Chelidonium: Hepatotoxicity associated with herbal tablets

by Paul Bergner

Medical Herbalism 10-31-96 8(3): 13

A case is reported of a 69 year-old woman who was taking levothyroxine and ibuprofen, and presented to her GP with nausea, pruritus, dark urine, pale stools, and yellow sclerae after six weeks of daily self-treatment with 6-15 herbal tablets. These were labelled Venencapsan and were industrially prepared for one pharmacy from horse chestnut leaf, milfoil, celandine, sweet clover, milk thistle, and dandelion root with herb. Her liver function was abnormal, but had improved in a fortnight, after she had stopped both ibuprofen and the herbal tablets. Her symptoms disappeared after six weeks, and she restarted the herbal tablets but not the ibuprofen. Just over three weeks later she was admitted with jaundice, and only levothyroxine was continued. Various tests for possible other causes of her symptoms were normal. Liver biopsy showed mild portal inflammation and focal areas of mild steatosis, ballooning, and Kupffer cell hyperplasia. Recovery was uneventful, and her liver function returned to normal.

Analysis of the herbal tablets did not show pharmaceuticals or pyrrolizidine alkaloids, and it remains unclear which constituent(s) might have been responsible. Horse chestnut leaf has been associated once with hepatitis after intramuscular administration. Medicinal use of sweet clover can provide up to 30 mg of coumarin per day, and this has hepatotoxic potential in daily doses of 25 mg or more. However, analysis recovered only 0.2 mg of coumarin per tablet, so this patient was exposed to only .06-1.5 mg/day.

British Medical Journal, 7049 (313) p92

Reprinted from Greenfiles, a monthly review of scientific and other literature on herbal topics, with some general medicine and nutrition thrown in.

Editor’s Comment

The potential hepatic irritant effects of Chelidonium majus (Celandine) was the topic of an extended discussion on a professional herbalist internet group during October of this year. The late Wade Boyle, N.D, a regular contributor to Medical Herbalism before his passing, wrote of chelidonium: “Weiss points out that chelidonium is at once a cholagogue (increases bile production) and a choleretic (increases bile flow). This is convenient since a cholagogue should never be given without a choleretic, because if increased bile cannot be released, it will damage the liver. In practice I find that chelidonium’s choleretic effect is not adequate for some patients with biliary compromise, and I no longer use it in cases where there is any question about the integrity of the biliary system....Chelidonium is a strong herb which acts quickly. Since it has toxic potential, it should be used for only limited periods of time (Boyle).”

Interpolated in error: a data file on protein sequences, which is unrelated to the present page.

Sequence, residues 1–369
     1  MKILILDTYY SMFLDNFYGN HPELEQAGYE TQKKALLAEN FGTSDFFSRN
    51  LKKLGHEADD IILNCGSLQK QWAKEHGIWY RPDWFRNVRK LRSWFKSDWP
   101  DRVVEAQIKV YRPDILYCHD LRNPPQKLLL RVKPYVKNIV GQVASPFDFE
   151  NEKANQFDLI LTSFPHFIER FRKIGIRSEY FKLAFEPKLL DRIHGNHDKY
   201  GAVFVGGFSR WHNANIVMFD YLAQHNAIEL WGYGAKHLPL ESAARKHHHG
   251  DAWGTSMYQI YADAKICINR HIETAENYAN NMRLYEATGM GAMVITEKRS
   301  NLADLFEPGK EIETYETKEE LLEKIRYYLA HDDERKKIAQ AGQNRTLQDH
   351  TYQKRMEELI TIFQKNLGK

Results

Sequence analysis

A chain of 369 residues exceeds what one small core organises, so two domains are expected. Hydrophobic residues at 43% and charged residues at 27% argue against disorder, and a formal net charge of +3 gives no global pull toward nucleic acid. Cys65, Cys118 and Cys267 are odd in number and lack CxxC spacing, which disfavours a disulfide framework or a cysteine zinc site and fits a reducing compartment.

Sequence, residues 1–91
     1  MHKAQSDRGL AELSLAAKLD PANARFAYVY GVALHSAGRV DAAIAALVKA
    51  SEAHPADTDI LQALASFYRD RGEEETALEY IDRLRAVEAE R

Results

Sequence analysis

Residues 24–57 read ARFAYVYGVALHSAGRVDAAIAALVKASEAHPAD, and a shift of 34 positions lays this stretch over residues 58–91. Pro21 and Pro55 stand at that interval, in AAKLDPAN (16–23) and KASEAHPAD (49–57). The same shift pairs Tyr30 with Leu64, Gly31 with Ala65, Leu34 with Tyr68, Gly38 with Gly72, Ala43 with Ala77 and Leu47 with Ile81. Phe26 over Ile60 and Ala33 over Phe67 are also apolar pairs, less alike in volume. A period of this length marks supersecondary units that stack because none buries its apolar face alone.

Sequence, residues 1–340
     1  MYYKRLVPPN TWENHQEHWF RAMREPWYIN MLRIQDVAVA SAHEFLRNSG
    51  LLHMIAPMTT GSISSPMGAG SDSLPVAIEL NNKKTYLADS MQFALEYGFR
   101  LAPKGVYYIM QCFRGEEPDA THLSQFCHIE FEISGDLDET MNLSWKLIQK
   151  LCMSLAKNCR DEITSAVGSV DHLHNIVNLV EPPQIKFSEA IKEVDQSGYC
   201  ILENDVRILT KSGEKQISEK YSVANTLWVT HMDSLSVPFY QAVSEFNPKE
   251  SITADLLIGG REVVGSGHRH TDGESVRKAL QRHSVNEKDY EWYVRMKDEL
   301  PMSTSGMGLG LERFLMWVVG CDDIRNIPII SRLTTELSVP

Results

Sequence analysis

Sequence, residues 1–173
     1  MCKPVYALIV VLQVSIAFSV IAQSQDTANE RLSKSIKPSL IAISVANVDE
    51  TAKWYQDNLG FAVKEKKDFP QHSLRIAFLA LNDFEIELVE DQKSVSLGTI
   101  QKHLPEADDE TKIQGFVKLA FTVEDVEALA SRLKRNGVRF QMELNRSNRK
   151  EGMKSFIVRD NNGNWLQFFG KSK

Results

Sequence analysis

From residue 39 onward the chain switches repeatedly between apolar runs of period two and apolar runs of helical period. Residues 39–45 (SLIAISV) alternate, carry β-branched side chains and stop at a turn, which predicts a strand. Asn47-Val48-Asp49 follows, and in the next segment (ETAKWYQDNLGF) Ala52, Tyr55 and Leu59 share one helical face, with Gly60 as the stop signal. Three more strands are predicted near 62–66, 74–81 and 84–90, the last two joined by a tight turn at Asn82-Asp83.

Dr. Boyle also told me in a personal communication that his statements above were based on direct experience. He had inadvertently induced hepatitis in several patients, as measured by both symptomology and elevated liver enzymes, by administering chelidonium either alone (without adequate choleretic support), or for too long.

Weiss states that the anti-spasmodic (choleretic) effects of chelidonium and the cholagogue effects are due to separate alkaloids. He further states that the antispasmodic effect declines over time, and is mostly lost from the dried plant material after six months. Thus, older plant material may be the source of the mixed reputation that chelidonium enjoys as a biliary antispasmodic, and could, according to Dr. Boyle’s reasoning, heighten the tendency to liver irritation with older dried material. Since commercial products usually are composed of old and dried material by the time they reach the consumer, the patient’s long term use of the chelidonium in these pills might be an explanation for the adverse reaction.


Boyle W. Dueling liver botanicals. Medical Herbalism 1995;4(2):1,10.

Weiss R.F. Herbal Medicine. Beaconsfield, England: Beaconsfield Publishers, 1988, p. 87
  Copyright 2001 Paul Bergner

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